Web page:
Meet the Hangman!

And the last of our introduction pages. The Hangman:

By the way, we were off the NYT Bestseller list for one week--but we're back ON! At #8! That makes four weeks on the list! Hooray!

Friday, April 4, 2014

Yeti color test 1

Apologies for the missed posts--I was in Seattle for Emerald City Comic Con. I had the pleasure of sitting on a panel with Jeff Smith (Bone), Kazu Kibiushi (Amulet), Jimmy Gownley (Amelia Rules), and Royden Lepp (Rust). With a line-up like that, I couldn't say no.

So, here's a one-hour color test on the Yeti scene. This one featuring everybody in shadow, with the long tree shadows coming forward to the viewer. It's fun--but I'm not in love with the distant mountain--kinda muddy back there. We'll try a few more color passes to see what works best.

Friday, March 28, 2014

Yeti Wash

Okay, so here's step 2 of my Yeti illustration. A slight watercolor wash. Just two colors, brown and blue, to fill out some of the shapes and give it a little texture. The image is now a mid-tone that I can work lighter and darker.

I'm starting to realize painting a Yeti in the snow, among white trees,  is sort of like the old "polar bear in a blizzard" painting.

From here on out, the painting will go digital. I may try a few different lighting scenes, to see what works best.

Thursday, March 27, 2014

Building a new portfolio

If you've ever clicked through the PORTFOLIO link on my main page, you've seen my agent's site Shannon Associates. You've probably also noticed that the images in that portfolio have not been updated for...quite a while.

For the past few years, I've been so busy creating graphic novels, that I've neglected my work portfolio. I wish the graphic novels paid all of my bills--they don't. In fact, most years, at least half (sometimes more) of my income comes from illustration only--not projects I've written. Book covers, interior art for chapter books, textbooks, products--you name it.

Unfortunately, my illustration work has been a bit dry lately, due in large part to my non-up-to-date portfolio.

So I'm creating some new pieces--custom pieces--for my portfolio. Here is step one of an illustration of a Yeti chasing a skiing kid.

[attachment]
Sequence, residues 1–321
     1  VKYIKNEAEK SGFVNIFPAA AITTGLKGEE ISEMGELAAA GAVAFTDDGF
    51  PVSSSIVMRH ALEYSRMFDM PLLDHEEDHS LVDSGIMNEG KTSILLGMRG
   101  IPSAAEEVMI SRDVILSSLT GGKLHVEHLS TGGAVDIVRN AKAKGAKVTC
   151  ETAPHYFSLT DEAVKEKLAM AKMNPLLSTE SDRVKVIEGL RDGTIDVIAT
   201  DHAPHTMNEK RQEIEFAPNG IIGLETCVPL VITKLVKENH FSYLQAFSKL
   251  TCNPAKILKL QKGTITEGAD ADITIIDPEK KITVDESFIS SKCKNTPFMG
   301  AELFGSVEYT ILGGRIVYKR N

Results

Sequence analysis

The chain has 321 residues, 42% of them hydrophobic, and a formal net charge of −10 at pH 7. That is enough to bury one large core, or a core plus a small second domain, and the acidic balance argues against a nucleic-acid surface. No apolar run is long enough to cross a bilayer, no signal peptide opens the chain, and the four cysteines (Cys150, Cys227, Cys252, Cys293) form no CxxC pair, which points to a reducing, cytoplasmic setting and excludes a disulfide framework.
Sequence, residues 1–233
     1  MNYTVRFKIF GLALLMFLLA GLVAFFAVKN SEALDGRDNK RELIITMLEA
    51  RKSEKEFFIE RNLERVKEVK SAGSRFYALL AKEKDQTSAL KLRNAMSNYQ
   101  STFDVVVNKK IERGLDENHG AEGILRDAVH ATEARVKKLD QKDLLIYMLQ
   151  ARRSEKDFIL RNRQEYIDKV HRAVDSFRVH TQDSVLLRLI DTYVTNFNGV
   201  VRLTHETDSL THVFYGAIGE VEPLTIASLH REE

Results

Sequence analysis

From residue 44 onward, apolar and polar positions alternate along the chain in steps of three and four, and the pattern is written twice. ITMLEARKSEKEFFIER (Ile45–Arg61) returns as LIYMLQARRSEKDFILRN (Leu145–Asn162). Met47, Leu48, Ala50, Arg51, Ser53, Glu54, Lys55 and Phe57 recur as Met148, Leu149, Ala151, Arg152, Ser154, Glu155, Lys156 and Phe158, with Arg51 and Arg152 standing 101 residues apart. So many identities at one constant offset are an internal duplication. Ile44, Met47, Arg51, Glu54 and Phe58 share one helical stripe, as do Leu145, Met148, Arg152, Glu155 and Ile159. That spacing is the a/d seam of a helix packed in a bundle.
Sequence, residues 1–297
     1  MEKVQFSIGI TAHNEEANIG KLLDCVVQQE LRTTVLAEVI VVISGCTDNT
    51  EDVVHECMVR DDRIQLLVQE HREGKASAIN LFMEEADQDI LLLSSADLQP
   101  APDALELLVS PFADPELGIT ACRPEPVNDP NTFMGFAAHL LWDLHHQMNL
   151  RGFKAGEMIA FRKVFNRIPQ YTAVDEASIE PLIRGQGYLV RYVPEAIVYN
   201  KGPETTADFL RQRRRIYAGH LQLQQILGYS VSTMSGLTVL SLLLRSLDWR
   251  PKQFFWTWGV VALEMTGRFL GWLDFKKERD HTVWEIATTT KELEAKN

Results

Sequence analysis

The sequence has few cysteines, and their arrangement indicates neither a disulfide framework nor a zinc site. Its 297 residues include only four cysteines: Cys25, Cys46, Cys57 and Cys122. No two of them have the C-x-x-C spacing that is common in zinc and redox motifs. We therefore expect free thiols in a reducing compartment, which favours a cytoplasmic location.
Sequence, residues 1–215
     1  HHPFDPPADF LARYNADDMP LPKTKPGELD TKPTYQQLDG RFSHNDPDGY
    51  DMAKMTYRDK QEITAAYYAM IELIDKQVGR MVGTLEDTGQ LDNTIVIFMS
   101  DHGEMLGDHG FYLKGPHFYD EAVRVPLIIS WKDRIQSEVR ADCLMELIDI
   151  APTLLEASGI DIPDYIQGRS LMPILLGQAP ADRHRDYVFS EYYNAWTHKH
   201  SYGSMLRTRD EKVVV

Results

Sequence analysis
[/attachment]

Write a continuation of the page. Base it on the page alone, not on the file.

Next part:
These are two things I've never done an illustration of: a skier and a Yeti.

This is black Prismacolor pencil. I'm trying some new techniques--the next step will be some watercolor washes. That'll be up tomorrow.

Wednesday, March 26, 2014

Tuesday, March 25, 2014

Guest post from a 4th grader

This drawing was shown to me after a school visit about Napoleon, Jefferson, and the Louisiana Purchase. It is by a 4th grader who enjoyed the assembly.

If you can't read it, it says, "I have bought ze moon! YAAAA!

I like the little pistol pocket. Who am I kidding, I like EVERYTHING about this.

Monday, March 24, 2014

Meet the Provost, and some news!

Here's the Provost!

Fun news this week. ONE DEAD SPY has climbed to #3 on the New York Times Hardcover Graphic Novel list! Number THREE! That's only two spots away from the top! If you have been waiting for a good week to pick up ONE DEAD SPY, this would be that week. Do it!

And along with that fantastic news, it's official: Hazardous Tales books #5 and #6 have been ordered by the publisher. The Research Babies are eyeball deep in research right right now.

It's a big week!

Tuesday, March 18, 2014

2nd Graders and Leprechauns

I happen to be traveling at the moment and I don't have access to my scanner or my handy-dandy computer drawing system. My plan was to draw some blog posts with my iPad this week, but I'll start that tomorrow. Today, I'm giving you a rare peek into my school visit presentation.

Since getting into graphic novels and US history, my school visit audience is usually 3rd-8th graders. I don't visit many K-2nd grade classes anymore--which I did when I was doing mostly picture books. Today was fun, though, because I got to do my old picture book presentation. The finale is a group effort where the students help me draw a monster, or, since it was St. Patrick's day, a leprechaun.